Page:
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Doctors Stumble Upon Potential Bariatric Surgery Alternative

Digital Vision/Thinkstock(NEW YORK) -- Harvard researchers may be on to a promising new and less invasive way to treat obesity – by simply blocking a particular blood vessel leading into the stomach.

The procedure itself is nothing new. Called transarterial embolization, it is a common treatment in which a doctor goes in through a blood vessel and injects tiny beads or coils to block this artery, usually to slow or stop problematic bleeding in the gastrointestinal tract.

But the treatment, it turns out, has a happy side effect. In a new study presented at this year’s annual meeting of the Radiologic Society of North America (RSNA), those Harvard researchers looked back at medical records of 15 patients undergoing the procedure on a vessel supplying the stomach known as the left gastric artery.

They noticed that three months afterwards, these patients had lost about 8 percent of their body weight. And it was just this artery that seemed to matter; when looking at 18 patients in which a different artery was blocked off, they saw only a 1-percent decrease in weight.

Lead study investigator Dr. Rahmi Oklu said the reason that this might be the magic artery for weight loss is that this is the blood vessel that supplies the part of the stomach where the appetite-stimulating hormone ghrelin is produced. Knocking it out, he said, may decrease levels of this hormone — and thus lead to appetite suppression and weight loss.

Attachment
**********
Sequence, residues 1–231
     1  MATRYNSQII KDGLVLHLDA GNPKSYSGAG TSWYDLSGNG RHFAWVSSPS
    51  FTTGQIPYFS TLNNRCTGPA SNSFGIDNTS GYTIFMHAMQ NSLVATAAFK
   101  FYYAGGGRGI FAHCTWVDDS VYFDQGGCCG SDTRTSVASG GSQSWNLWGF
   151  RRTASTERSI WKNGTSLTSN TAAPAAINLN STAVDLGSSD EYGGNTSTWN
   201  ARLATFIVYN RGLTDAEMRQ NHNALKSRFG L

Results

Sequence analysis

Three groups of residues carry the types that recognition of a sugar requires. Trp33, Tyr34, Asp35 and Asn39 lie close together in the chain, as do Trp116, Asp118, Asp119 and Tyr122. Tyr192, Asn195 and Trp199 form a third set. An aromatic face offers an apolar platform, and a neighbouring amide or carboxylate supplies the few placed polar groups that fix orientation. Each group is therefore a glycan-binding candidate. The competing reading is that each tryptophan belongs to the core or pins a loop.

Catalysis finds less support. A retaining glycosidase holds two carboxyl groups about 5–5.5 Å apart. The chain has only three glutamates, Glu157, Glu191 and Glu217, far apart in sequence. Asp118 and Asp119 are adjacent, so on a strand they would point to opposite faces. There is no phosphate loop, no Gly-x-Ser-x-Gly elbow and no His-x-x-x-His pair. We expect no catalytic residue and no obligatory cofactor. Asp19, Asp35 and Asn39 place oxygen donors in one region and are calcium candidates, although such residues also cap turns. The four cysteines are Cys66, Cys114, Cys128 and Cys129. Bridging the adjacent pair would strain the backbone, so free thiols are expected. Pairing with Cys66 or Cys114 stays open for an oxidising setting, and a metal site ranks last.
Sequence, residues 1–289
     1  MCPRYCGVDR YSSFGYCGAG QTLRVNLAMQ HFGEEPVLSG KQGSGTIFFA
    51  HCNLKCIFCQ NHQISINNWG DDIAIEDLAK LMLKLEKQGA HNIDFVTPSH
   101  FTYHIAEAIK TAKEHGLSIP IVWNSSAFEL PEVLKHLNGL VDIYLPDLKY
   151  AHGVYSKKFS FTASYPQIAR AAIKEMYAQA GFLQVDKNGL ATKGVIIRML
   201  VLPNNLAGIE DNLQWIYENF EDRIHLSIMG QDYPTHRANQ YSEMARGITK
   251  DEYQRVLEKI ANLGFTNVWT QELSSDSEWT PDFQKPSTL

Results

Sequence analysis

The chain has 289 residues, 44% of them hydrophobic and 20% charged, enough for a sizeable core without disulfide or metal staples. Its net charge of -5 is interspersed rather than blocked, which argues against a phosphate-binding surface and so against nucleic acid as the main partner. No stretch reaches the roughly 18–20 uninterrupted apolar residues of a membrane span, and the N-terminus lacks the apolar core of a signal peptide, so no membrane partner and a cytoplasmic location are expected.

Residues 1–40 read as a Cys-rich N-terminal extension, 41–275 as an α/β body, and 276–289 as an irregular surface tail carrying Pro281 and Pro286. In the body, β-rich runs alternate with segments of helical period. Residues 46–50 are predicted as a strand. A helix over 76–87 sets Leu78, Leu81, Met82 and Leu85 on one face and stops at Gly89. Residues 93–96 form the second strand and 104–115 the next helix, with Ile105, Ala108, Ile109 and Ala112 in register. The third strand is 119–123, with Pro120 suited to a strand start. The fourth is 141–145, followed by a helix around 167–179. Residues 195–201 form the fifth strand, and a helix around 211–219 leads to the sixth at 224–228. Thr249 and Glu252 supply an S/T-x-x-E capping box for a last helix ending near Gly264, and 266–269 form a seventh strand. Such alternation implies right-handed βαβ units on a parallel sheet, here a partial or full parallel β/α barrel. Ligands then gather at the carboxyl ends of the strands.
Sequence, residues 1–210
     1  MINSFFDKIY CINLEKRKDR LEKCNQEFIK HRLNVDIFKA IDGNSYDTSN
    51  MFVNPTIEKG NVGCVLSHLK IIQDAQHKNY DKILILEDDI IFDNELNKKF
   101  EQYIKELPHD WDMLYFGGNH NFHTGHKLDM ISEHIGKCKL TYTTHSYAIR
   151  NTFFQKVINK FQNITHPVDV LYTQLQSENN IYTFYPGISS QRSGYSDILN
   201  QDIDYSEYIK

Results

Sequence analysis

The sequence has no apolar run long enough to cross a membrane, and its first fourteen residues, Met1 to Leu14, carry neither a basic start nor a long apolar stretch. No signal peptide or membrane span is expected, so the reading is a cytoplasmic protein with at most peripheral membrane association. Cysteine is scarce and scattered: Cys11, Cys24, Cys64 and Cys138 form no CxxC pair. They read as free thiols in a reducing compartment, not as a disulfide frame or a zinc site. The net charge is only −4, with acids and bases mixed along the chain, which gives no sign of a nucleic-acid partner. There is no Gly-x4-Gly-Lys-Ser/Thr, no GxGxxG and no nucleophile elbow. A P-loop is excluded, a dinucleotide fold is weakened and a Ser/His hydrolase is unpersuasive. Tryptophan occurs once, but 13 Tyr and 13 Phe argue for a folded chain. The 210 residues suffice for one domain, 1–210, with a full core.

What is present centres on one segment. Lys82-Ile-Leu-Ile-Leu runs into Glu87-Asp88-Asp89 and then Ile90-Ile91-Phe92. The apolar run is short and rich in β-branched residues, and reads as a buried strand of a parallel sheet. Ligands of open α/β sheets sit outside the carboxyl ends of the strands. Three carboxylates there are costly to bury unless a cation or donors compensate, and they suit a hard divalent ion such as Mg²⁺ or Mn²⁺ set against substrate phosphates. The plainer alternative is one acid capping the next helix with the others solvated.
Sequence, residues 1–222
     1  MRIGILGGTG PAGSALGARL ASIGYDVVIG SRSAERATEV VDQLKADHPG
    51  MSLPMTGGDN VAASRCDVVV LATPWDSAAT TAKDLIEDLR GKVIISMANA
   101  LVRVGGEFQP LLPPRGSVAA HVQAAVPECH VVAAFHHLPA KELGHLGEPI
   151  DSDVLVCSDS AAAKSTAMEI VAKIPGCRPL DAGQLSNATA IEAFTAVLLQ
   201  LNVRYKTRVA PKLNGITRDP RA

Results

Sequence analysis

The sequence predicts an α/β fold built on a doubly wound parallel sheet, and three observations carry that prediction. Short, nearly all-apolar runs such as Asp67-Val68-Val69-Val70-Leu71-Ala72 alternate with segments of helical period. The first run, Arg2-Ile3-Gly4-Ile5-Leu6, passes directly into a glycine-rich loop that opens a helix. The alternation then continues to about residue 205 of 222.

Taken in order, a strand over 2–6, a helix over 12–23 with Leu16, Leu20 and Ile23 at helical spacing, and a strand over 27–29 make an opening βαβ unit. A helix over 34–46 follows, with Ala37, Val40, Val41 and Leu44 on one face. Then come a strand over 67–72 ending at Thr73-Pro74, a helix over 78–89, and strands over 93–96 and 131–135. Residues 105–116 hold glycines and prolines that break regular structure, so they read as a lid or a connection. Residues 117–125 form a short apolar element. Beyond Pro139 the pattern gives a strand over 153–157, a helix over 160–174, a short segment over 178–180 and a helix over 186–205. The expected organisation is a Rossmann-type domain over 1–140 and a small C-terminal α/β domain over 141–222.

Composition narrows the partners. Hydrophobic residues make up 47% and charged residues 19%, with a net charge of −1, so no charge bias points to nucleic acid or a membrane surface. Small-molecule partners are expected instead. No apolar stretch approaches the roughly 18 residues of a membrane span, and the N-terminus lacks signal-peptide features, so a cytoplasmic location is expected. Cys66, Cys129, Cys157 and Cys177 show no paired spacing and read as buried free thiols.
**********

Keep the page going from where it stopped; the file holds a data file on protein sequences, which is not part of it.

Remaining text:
“This is just an observation and a byproduct of an unrelated procedure and needs further investigation,” said Oklu, assistant professor of radiology at Harvard Medical School. “But this could represent a new avenue of research for a minimally invasive approach to control weight loss.”

Animal studies have shown lowered ghrelin levels and weight loss, but such studies have not been conducted in humans thus far.

Bariatric surgeries, such as Roux-en-Y gastric bypass and gastric banding, have become increasingly popular. According to the American Society for Metabolic and Bariatric Surgery, the number of people getting weight-loss surgeries skyrocketed from 13,000 in 1998 to over 200,000 in 2008, the most recent figure available. But while these procedures have been shown to be effective, they are not without risks and complications — infections, leaks at the surgical site, and, rarely, the need for re-operation.

A minimally invasive approach may be a safer alternative, Oklu suggested. “The fact that you can potentially control weight loss by a minimally invasive approach is massive, especially since obesity is a major public health problem in America,” he said.

As far as its use in weight loss, of course, the procedure is not ready for prime time…at least not yet.  Dr. Mitchell Roslin, chief of bariatric and metabolic surgery at Lenox Hill Hospital, who was not involved in the study, said that while there is some evidence in animals and even humans, the effects on weight loss may not be longstanding.

“My guess is that any response would be fleeting and gone in a year or two,” Roslin said, adding that with any weight loss procedure, doctors have to look at how long the results last to justify it.

Copyright 2013 ABC News Radio

ABC News Radio